Whole tumor Tumor core Active tumor Entire tumor map Intra-tumor classification is essential to understand treatment response Source: http://braintumorsegmentation.org/
  7. Plan for treatment Visualize 3D model Glioblastoma treatment requires pixel-wise

    labelling July 2017 7 • Tedious slice-by-slice labelling is carried out by doctors 3D rendering of glioblastoma Generate pixel-wise labels • Labelling can be performed by deep networks
  8. Glioblastoma segmentation from brain MRI is non-trivial July 2017 8

    < 300 scans Cost: 2449$ ~ Rs. 1,60,000 4D data • [4 x 155 x 240 x 240] tensors • Dense annotations are very expensive! Complexity of data • Limited amount of annotated data – overfitting • Only 2% of pixels contain tumor Shortage of samples Can we leverage unsupervised feature learning? Heterogeneity
  9. Deep Unsupervised Feature Extraction July 2017 9

  10. Can we use Auto-encoders to extract features? July 2017 10

    Encoder Decoder Denoising Autoencoder = ෍( − ) 2 Tied weights Encode Compute loss Decode f() = . = (. ) = (. ෥ ) Prevent identity mapping! 28x28 28x28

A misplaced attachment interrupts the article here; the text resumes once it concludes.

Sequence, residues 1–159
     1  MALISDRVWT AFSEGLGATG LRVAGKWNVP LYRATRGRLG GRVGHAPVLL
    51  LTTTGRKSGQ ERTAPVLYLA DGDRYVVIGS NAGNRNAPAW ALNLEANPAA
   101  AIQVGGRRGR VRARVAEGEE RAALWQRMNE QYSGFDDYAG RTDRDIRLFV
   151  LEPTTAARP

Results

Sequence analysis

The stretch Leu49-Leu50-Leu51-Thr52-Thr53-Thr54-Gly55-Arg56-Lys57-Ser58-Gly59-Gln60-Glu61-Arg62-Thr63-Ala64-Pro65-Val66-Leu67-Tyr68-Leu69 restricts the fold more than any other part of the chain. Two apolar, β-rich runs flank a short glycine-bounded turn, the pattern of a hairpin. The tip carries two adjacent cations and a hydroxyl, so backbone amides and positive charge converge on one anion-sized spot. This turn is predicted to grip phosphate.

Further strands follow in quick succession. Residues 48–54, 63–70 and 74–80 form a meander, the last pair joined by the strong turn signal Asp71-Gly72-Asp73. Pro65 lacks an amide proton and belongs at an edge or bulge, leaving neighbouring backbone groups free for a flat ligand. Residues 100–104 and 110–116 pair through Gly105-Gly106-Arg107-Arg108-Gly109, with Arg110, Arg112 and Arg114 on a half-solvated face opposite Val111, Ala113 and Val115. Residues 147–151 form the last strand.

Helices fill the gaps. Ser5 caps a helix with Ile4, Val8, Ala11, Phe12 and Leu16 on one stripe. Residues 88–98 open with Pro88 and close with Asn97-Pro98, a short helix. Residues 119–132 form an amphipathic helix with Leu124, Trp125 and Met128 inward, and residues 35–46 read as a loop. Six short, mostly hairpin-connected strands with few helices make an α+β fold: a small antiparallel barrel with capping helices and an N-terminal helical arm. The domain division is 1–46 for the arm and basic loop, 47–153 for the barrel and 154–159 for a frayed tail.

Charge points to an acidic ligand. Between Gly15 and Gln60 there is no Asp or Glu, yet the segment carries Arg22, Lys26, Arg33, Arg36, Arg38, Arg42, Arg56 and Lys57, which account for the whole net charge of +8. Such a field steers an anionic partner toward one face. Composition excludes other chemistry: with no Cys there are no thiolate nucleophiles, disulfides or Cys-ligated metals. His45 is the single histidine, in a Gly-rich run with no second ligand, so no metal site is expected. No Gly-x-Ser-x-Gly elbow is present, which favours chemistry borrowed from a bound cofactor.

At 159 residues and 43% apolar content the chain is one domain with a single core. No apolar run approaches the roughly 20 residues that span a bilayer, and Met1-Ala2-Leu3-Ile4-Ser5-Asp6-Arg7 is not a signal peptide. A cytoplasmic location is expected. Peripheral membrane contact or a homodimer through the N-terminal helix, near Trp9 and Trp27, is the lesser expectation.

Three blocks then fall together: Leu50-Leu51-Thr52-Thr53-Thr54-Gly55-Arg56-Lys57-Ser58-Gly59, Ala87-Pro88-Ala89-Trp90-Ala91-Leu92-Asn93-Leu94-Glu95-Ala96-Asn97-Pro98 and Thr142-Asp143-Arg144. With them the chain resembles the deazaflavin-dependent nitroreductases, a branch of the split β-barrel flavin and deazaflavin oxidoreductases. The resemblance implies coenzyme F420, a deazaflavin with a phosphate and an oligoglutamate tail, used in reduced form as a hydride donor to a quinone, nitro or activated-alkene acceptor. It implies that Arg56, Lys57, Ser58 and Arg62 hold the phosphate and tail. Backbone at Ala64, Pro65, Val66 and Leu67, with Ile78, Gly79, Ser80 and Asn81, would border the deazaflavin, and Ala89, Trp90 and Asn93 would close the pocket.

11. How do Auto-encoders learn underlying structure? July 2017 11 Weights

    of Autoencoder Source: Stacked Denoising Autoencoder – Vincent et al (2010) Learn Reconstruction Function
  12. From MNIST to brain MRI? July 2017 12 • Extract

    ROI around tumor • Sample patches from the ROI BRATS 2015 dataset Extract small patches Samples of [4 x 21 x 21] patches extracted around tumor Patch size = [ 4 x 21 x 21 ]
  13. Training Autoencoders on brain MRI July 2017 13 Feed noisy

    patches Reconstruct original patch 3D patch size: 4 x 21 x 21 Drop 20% pixels 1728 – 3500 – 1728 Extract, noise, reconstruct!
  14. July 2017 14

  15. Pre-training How do we train deep Auto-encoders? July 2017 15

    • Deep layers – learn a hierarchy of features • Vanishing and exploding gradients • Pre-train layer by layer Stacking
  16. Learn rich latent representations July 2017 16 [4x21x21] patch Extracted

    feature representation Don’t noise during inference
  17. Fine-tuning for Classification July 2017 17

  18. How do we use Autoencoders for classification? July 2017 18

    Input patch Predicted vector Logistic Layer Stacked Denoising Autoencoders = σ =1
  19. Fine-tune the network for classification July 2017 19 4 x